The falling ringgit and the non-deliverable forward

With the falling ringgit discussion going on across all age groups in Malaysia. Let us imagine a hypothetical scene of a parent telling his 8 year old child wanting to purchase a toy, “Daddy has to save money now, since the ringgit has fallen in value due to the non-deliverable forward issue.” You can just imagine the look on the child’s face, which I guess would be the exact confused look on my face when reading the news of the ringgit falling. So I went online to investigate what the issue is really all about.

What is the non-deliverable forward?

Basically it is an offshore market where contracts of the target currency, in this case Malaysian Ringgit can be bought and sold in US Dollars. The market helps to “price” the currency outside of the country and although it might not be an official reference to the target currency, somehow banks are referring to the off-shore NDF market. Why might that be? Let’s read further on the guidance from the Malaysian central bank.

Bank Negara Governor statement

“We have also reminded onshore banks to avoid dealing in FX with non-resident banks suspected of engaging in NDF speculative activities except for those that provide confirmation of their non-involvement in the offshore ringgit NDF market.”

If that is the case, how will onshore banks settle the FX transactions when there is a disequilibrium between two currency pairs? And now they have to write to ask for confirmation from the non-resident banks before doing so? Does this make the market more efficient or less? I believe in the first place, NDF market exists to partially transact  legitimate transactions that may not be able to be settled by onshore banks e.g. during out of Malaysian working hours.

The issue of stability

Of course I would like the Malaysian Ringgit to be stable and hence strategies to control the volatility is a good move. However, with market forces playing out in a free market, sometimes statements from the central bank could be detrimental rather than helpful. The market would make a judgement looking at economic variables such as the current account balance, GDP growth, political stability etc rather than a central bank statement. As action speaker louder than words, admittedly the central bank did take steps to introduce a the  KL USD/MYR reference rate which I believe is a good move.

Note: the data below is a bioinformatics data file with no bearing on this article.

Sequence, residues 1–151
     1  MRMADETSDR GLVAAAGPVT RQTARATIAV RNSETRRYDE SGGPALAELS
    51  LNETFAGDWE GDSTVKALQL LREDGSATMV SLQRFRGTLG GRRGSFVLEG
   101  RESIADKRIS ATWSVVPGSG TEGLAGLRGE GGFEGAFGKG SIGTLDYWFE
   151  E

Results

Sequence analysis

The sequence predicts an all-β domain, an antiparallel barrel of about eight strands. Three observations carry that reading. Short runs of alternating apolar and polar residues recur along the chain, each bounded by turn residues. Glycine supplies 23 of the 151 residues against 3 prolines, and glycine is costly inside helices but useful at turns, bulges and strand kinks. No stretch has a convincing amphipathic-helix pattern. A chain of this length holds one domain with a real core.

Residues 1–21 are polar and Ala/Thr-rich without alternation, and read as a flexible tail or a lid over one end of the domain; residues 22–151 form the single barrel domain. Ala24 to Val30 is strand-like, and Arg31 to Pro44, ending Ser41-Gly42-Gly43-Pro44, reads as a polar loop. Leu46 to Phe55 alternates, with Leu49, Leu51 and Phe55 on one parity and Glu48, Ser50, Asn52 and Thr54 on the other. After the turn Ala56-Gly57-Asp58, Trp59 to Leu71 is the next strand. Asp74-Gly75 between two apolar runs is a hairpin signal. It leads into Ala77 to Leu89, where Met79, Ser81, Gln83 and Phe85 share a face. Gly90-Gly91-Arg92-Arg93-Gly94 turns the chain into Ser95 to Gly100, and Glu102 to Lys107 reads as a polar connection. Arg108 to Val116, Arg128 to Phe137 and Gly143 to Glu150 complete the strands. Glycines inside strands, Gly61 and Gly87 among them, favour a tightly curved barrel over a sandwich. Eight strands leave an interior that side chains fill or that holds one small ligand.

Estimated 60% to 80% of NDF volume is generated by speculative interest

Yes, while the non-deliverable forward is largely due to speculative activity, the question remains of why the currency is speculated to be going down in future value? Has the NDF market itself determined the future rate of exchange or what are the real factors causing speculators to bet against the currency. While it is easy to shift the blame to speculators off-shore and having an unseen foreign enemy, are there issues that need to be fixed in our economy? If the Malaysian economy is rock solid with strong fundamentals, are the speculators fools to bet against an appreciating currency? However, fret not that speculators are only dealing with Malaysian Ringgit currency, other emerging economy currencies are also being transacted such as Chinese Renminbi, Indonesian Rupiah, Indian Rupee etc. But then again the question remains why target the Malaysian Ringgit?

So what does the future hold?

Your guess is as good as mine. The situation might improve with a smart central bank policies, I hope Malaysia will sail through this without the ship being battered too badly. On the other hand, as in the example at the start of the article, should the 8 year old kid actually say, “Daddy, you should buy the toy now since it would be more expensive in future looking at the market forces at play.” You can only imagine the look of the father’s face now.

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